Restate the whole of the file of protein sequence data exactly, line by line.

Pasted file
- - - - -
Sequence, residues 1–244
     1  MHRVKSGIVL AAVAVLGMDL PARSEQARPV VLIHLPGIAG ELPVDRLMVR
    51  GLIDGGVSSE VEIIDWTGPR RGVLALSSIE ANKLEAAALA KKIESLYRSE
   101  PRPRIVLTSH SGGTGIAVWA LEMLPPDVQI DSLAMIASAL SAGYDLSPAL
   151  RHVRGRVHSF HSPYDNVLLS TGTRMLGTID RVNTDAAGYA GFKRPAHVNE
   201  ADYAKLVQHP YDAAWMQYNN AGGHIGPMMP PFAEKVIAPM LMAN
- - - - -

Sequence, residues 1–244
     1  MHRVKSGIVL AAVAVLGMDL PARSEQARPV VLIHLPGIAG ELPVDRLMVR
    51  GLIDGGVSSE VEIIDWTGPR RGVLALSSIE ANKLEAAALA KKIESLYRSE
   101  PRPRIVLTSH SGGTGIAVWA LEMLPPDVQI DSLAMIASAL SAGYDLSPAL
   151  RHVRGRVHSF HSPYDNVLLS TGTRMLGTID RVNTDAAGYA GFKRPAHVNE
   201  ADYAKLVQHP YDAAWMQYNN AGGHIGPMMP PFAEKVIAPM LMAN